#399

Post by gsgs » Tue Jun 28, 2016 4:07 am

US GDP = $18 trillion per year
US budget = $3.8 trillion per year
(1 American trillion=1000 American billion = 1000000 million)
[numbers corrected, see following posts]
market capitalization of US-stocks = $20 trillio
USA money supply M3 = $20 trillion

cost of illegal immigration to USA = $113B = $0.113 trillion per year

1% down in US-stocks is worth $200B
1% down in UK-stocks is worth $30B
1% down in the Pound is worth $25B
1% down in the Euro is worth $120B



https://en.wikipedia.org/wiki/Economic_ ... ted_States
> The Feb 2011 report "The Fiscal Burden of Illegal Immigration on US Taxpayers"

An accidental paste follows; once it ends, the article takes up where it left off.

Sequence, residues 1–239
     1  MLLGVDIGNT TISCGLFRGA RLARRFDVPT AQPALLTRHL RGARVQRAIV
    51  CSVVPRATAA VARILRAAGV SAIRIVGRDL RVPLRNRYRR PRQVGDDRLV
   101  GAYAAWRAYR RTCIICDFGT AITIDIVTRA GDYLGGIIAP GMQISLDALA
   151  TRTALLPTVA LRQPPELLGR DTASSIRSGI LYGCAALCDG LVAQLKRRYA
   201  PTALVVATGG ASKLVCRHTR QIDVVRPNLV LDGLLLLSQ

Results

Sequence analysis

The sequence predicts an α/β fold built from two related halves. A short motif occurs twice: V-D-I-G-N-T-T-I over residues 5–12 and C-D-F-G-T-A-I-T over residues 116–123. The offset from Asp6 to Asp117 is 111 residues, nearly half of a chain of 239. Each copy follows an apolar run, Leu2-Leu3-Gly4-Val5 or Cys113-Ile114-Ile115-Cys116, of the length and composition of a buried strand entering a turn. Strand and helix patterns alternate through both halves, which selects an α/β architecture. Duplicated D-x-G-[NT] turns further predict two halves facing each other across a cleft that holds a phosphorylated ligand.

> from the Federation for American Immigration Reform, also an organization that
> advocates for reduction of immigration to the US,estimates the annual costs of
> illegal immigration at the federal, state and local level to be about $113 billion

https://en.wikipedia.org/wiki/Wilshire_5000

In 2010, the total money supply (M4) measure in the UK was £2.2 trillion
https://en.wikipedia.org/wiki/Money_supply

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Re: Lord Monckton

#400

Post by Mikedunford » Tue Jun 28, 2016 4:52 am

In other words, even if we accept the premise that illegal immigration costs the US 113 billion, any effort to stop illegal immigration that results in a 1% drop in stock prices would leave the nation nearly twice as worse off as we would have been with the status quo - if the effort was 100% successful, which is highly unlikely.